In this act the drama is opened, the scene is set and the actors are introduced. We are witness to creation, Adam and Eve, and the perfection of God's world. This act is covered by Genesis 1-2. This is a short act, but important in understanding the rest of the story. There is more in this act than first meets the eye.

Act 2 - The Fall

Things go wrong in this act and the relationships between people and God and creation are damaged and disrupted. From this point on much of the narrative is about the consequences of human sin and God's work to restore relationship. Genesis 3 - 11 covers this section.

Act 3 - Covenant and Israel

In this act we see the beginning of God's action to restore relationship with people, how this evolves and humanity's continued sin, disobedience and failure. This is by far the largest act and includes the entire Old Testament from Genesis 12 through to the book of Malachi. 

Act 4 - Jesus

With the coming of Jesus, the drama, after a long and twisted path, introduces the one who will bring resolution to the conflict and tension that emerged at the Fall. This act is covered by the four Gospels.

Acts 5 - The Church

In Act 5 we have an opening scene which provides us with a picture of the early church and then the Biblical narrative stops. The Book of Acts and the Epistles provide us with the script for section.

Acts 6 - Eschaton / The End

The final act in the Book of Revelation reveals to us how all things will come to their conclusion.

There are many ways that religious educators might use this model to explore the Bible with students.Here are a few:

1. Explore each "act" with the class to help them understand the whole "drama:

The following books are useful resources for this task. They both use creative and innovative ways of approaching the topic. The one by Jenny Baker doesn't use the drama in six acts division but a similar twelve part one.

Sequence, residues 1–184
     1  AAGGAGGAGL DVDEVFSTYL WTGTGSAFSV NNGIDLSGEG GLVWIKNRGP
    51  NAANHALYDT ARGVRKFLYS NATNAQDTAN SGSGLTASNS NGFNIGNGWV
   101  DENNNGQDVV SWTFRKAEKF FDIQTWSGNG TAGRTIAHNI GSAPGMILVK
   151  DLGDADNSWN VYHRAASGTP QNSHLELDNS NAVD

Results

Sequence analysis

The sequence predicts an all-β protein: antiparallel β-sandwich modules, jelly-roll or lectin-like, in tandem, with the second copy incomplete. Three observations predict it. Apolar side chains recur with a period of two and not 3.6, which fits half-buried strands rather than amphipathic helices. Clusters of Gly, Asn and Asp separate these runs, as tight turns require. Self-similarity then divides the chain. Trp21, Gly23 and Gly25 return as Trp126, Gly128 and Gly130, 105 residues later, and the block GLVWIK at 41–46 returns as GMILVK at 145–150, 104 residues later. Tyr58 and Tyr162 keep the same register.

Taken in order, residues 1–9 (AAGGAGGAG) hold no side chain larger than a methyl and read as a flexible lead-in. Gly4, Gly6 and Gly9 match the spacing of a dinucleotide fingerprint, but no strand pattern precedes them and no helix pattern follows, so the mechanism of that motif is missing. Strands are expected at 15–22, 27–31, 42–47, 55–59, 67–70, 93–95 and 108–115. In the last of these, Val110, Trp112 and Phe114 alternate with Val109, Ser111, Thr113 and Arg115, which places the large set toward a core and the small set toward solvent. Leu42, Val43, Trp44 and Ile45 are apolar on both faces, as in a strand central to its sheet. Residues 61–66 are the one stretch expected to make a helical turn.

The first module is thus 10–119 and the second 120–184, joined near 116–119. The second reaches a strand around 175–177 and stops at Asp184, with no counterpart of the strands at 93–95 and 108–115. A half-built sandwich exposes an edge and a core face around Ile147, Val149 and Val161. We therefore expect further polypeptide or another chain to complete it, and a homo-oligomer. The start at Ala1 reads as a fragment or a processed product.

Through the Bible in Twelve Weeks - Jenny Baker
Enter the Story - Mike Novelli 

2. Create and play with a  drama act/timeline

Using pictures and/or words create signs that designate the six different acts. Spread them out in order across the ground. Have students write the name of a story and character they know from anywhere in the Bible on two pieces of the paper. Get students to place their pieces of paper where they think they go on the timeline. Some work might need to be done is helping them do this or it could be used as a culminating activity. Alternatively the timeline could be a permanent part of the class. As student learn about parts of the story they can add things where they belong.

3. Help student understand that they are part of the story

Act 5 is mostly empty. We have the first bit and we know what has happened since the end of Acts, but the story continues and we are in it. Thinking this way can help students understand how they are part of the story and what role they might play in it.

8 March 2016

God's Story Videos

You might find some of these videos useful for the RE classroom. There is about forty clips on different parts of the Bible. With all these sorts of things some of the theology may not be to your taste. 

There are all kinds of different videos apart from the God's Story ones on the Crossroads Kids' Club Youtube Channel. Check them out.

3 March 2016

Meditation for Children and Young People

"Children...are born contemplative but in the modern world they are bombarded from an early age with noise, stimulus, and a message to keep busy." 

A while ago we held a professional development day that focussed on what we call "The Inner Life" strand. We had presentations on Christian mediation and the use of labyrinth among other things.

The presentation from the Australia Christian Meditation Community was excellent and profiled how Christian meditation has been introduced into all the schools of the Catholic Diocese of Townsville. They have established a beautiful website at www.cominghome.org.au which talks about their approach.

It has all kinds of information and resources including practical guidelinesvideos of student reflections and the benefits of Christian meditation.

If you want a good introduction to Christian meditation with children and young people it is the place to start.